What is an analysis of All the Light We Cannot See?
All The Light We Cannot See is a lyrical and complex piece of historical fiction. As such, there are many ways to go about analyzing it.
One way to approach the novel is through the title. Invisible light is a powerful motif within the novel. A motif is an idea or image that is repeated throughout the story. At the start, the title seems to be a simple reference to Marie-Laure's blindness. The light that cannot be seen is, in effect, the light she is blinded to because of her debilitating cataracts. As the story progresses, the light that cannot be seen takes on many forms: the radio waves transmitted from Etienne in France to Werner's radio in Germany, the acts of kindness between everyday citizens in wartime, the hope Marie-Laure maintains for her father's whereabouts, and the mysterious energy possessed by the diamond called the Sea of Flames. As physical light can be bent and warped to shape reality, so too is Anthony Doerr's light manipulated to represent both simple and complex relationships in the novel. Because light symbolizes optimism and hope, the use of light as a motif allows the novel to maintain an optimistic tone despite the darkness of the events therein.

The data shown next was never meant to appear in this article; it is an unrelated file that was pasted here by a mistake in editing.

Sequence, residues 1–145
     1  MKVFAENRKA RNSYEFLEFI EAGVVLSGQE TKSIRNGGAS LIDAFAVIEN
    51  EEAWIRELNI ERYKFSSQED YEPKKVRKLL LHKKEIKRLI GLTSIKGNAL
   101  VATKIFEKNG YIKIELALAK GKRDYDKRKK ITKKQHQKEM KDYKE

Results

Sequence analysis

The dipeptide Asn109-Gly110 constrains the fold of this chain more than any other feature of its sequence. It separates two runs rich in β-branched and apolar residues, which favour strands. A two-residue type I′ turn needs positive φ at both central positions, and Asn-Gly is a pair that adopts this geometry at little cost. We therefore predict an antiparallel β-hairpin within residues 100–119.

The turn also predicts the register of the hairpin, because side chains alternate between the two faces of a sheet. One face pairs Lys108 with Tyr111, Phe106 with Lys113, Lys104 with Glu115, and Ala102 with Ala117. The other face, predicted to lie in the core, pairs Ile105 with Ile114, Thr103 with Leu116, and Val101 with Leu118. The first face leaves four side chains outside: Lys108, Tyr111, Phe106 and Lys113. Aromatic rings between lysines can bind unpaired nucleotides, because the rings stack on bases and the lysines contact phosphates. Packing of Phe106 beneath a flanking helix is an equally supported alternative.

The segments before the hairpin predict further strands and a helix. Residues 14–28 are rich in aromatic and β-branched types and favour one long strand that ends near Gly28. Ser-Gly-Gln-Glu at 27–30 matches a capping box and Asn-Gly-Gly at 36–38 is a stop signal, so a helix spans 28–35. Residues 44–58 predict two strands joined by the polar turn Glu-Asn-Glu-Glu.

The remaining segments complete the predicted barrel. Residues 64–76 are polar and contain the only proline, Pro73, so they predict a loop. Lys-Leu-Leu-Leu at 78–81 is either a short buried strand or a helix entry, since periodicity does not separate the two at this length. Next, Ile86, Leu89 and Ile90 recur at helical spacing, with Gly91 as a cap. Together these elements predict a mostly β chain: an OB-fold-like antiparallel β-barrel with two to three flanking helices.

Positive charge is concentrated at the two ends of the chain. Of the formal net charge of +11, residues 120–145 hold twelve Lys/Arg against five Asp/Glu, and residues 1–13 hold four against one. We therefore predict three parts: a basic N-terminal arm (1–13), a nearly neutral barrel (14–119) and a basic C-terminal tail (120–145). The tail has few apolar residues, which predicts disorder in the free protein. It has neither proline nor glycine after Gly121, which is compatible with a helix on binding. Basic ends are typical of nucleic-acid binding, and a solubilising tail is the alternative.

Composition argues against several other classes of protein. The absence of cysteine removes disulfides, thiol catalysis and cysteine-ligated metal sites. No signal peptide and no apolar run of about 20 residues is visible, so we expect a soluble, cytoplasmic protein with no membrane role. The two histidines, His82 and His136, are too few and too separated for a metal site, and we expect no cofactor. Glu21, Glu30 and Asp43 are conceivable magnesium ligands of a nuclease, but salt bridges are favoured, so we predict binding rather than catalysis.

Another approach is to consider the role of mythology within historical fiction. Anthony Doerr chose to set his novel during well-documented and well-remembered moments in history, such as the German invasion of France and the British liberation of France. Within this construct, Doerr not only presents a fictionalized story, but he also includes the Sea of Flames diamond as a legend therein. The diamond, enormous and beautiful, brings immortality to its possessor but disaster to the possessor's family. This myth provides a thematic query for any reader to ponder: is it better to have one's own health and happiness, or that of one’s loved ones?
This becomes a critical question that each character, in turn, must address over the course of the novel. For example, Etienne must decide if he is willing to risk his own safety (leaving the house, in his shell-shocked state) to confirm that Marie-Laure still lives. Marie-Laure must decide if she is willing to risk her safety for the residents of Saint-Malo when she chooses to engage in espionage. Most interestingly, this is a question Werner faces a number of times. Initially, he chooses to destroy the radio he shares with his sister, and her happiness, in exchange for his own safety within Germany as the Nazi party comes to power. In the end (spoiler alert!), he risks his own safety to ensure Marie-Laure is able to leave Saint-Malo safely.
There are many more ways to analyze the novel. You can explore Doerr's use of metaphors or any other literary device. It can also be interesting to compare and contrast different characters, such as Werner and Marie-Laure.